Liberty DeVitto

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Liberty DeVitto
Liberty DeVitto plays at a Camp Jam session in the Atlanta area. February 2007
Liberty DeVitto plays at a Camp Jam session in the Atlanta area. February 2007
Background information
Birth nameLiberatori Devitto
Born (1950-08-08) August 8, 1950 (age 72)
New York City, U.S.
OriginBrooklyn, New York City
Occupation(s)Musician, drummer
Years active1968–present

Liberatori "Liberty" DeVitto (born August 8, 1950) is an American rock drummer. He is best known for his work as a drummer for New York singer-songwriter Billy Joel's recording and touring band. He has also been a session drummer on recordings of other artists. He is credited as a drummer on records that have sold a combined total of 150 million units worldwide.

Early life and education[edit]

DeVitto was born in New York City, of Italian ancestry,[1] where his father was a police officer at the New York Police Department. He taught himself to play the drums after seeing The Beatles on their appearance on The Ed Sullivan Show in February 1964. He was also influenced as a teenager by rock drummer Dino Danelli.


DeVitto got his big break in the music business when he was hired to play drums for Billy Joel in the mid-1970s. In an online interview, DeVitto describes how Joel's classic late-1970s/early-1980s band first came together:

Billy and I used to play the same club in Plainview, Long Island, called "My House." He was 17 and in a band called The Hassles and I was 16 and in a band called The New Rock Workshop. We would watch each other play and acknowledge each other in passing. In 1974, he was living in Los Angeles and had already released Piano Man and Streetlife Serenade. He used studio musicians for the recording and different guys out on the road. I was playing in a band called Topper with Doug Stegmeyer and he got the gig to play bass with Billy on the "Streetlife" tour. He told Doug that he wanted to move back to New York and find a permanent band he could record and tour with on a regular basis. Doug recommended me because Billy was looking for a New York-type drummer, aggressive and hard hitting, and the rest is history. The three of us recorded the basic tracks for Turnstiles and we both recommended Russell Javors and Howie Emerson, who played guitars in Topper and with the addition of Richie Cannata on saxophone, the "Billy Joel Band" was born.[2]

In addition to his work with Joel, DeVitto has also been an active session musician working with other big acts such as Paul McCartney, Carly Simon, Phoebe Snow, Karen Carpenter, Stevie Nicks, Rick Wakeman, Bob James and Meat Loaf.

After working with Joel for 30 years, DeVitto was discharged from drumming duties for the 2006 Billy Joel tour for an unknown reason. Up to that point, he had the longest running tenure in Joel's band, starting with the recording of 1976's Turnstiles.

As of 2018, DeVitto uses Liberty drums, pedals & hardware, Sabian cymbals, Evans drumheads, Latin Percussion and Pro-Mark drumsticks.[3][4]

DeVitto appeared on the November/December 2013 cover of Making Music magazine to discuss his life and career.[5]

Around that time he began collaborations with Brooklyn singer-songwriter Michael Sackler-Berner, which led to the founding of band The Slim Kings alongside bassist Andy Attanasio. The Slim Kings released two albums and multiple singles. The band toured with ZZ Top and Los Lonely Boys.[6]

On October 23, 2014, DeVitto, Cannata, and Javors (with Stegmeyer, posthumously) were inducted into the Long Island Music Hall of Fame, primarily for their work with Joel.[7] Shortly thereafter, DeVitto, Cannata, and Javors officially formed The Lords of 52nd Street band; the band also includes a pianist and lead vocalist, keyboardist, and a guitarist, and plays faithful renditions of the recorded Joel originals.[8]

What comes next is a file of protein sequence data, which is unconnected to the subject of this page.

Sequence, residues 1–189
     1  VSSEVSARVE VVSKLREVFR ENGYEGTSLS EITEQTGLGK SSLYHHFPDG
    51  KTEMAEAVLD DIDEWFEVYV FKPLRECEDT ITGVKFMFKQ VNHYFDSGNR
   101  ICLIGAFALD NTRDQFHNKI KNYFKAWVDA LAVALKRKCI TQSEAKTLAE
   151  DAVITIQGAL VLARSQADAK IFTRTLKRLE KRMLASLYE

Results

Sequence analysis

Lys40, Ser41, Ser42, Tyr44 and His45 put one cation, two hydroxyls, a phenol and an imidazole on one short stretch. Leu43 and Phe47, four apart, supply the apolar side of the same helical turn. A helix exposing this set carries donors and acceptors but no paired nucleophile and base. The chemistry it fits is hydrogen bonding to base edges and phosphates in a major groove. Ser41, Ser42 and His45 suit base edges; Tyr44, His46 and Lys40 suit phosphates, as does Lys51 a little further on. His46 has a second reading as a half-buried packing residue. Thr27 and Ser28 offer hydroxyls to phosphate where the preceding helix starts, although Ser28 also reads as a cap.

Legal issues[edit]

On May 19, 2009, DeVitto filed a lawsuit in Manhattan's state Supreme Court claiming Joel and Sony Music owed him over 10 years worth of royalty payments. DeVitto has never been given songwriting credit on any of Joel's songs. DeVitto's lawyer added that he does not know exactly how much DeVitto is owed, and that Joel's record sales are subject to an audit.[9] In April 2010, it was announced that Joel and DeVitto "amicably resolved" the lawsuit out of court.[10]


In 2003, DeVitto signed on as an official supporter of Little Kids Rock, a nonprofit organization that provides free musical instruments and instruction to children in underserved public schools throughout the United States. DeVitto has personally delivered instruments to children in the program, performed at benefit events for the cause and sits on the organization's Honorary Board of Directors.[citation needed]

Personal life[edit]

Liberty DeVitto is the father of four daughters, Devon (b. 1980), actress and model Torrey (b. 1984), Maryelle (b. 1988) and Mae Elizabeth Josephine on 11 February 2017.[citation needed]

See also[edit]


All albums listed are Billy Joel releases unless otherwise noted.


  1. ^ "LIBERTY". Lordsof52ndst. Retrieved 2021-02-09.
  2. ^ Blog Interview with Liberty DeVitto
  3. ^
  4. ^
  5. ^ "Liberty DeVitto's Secrets to Drumming Success". 18 November 2013. Retrieved 9 September 2014.
  6. ^ "96: Liberty Devitto". The Third Story Podcast with Leo Sidran. Retrieved 2018-05-02.
  7. ^ Gamboa, Glenn (23 October 2014). "Billy Joel Band set to join Piano Man in Long Island Music Hall of Fame". New York Newsday. Retrieved 31 March 2015.
  8. ^ Filipski, Kevin (February 5, 2016). "Interview with Guitarist Russell Javors". Retrieved June 29, 2016.
  9. ^ "Billy Joel sued by drummer over 'unpaid royalties'". The Daily Telegraph. 26 May 2009. Archived from the original on 20 October 2009. Retrieved 12 July 2010.
  10. ^ "Billy Joel settles lawsuit with former drummer". The Daily Telegraph. 21 April 2010. Retrieved 12 July 2010.
  11. ^
  12. ^

External links[edit]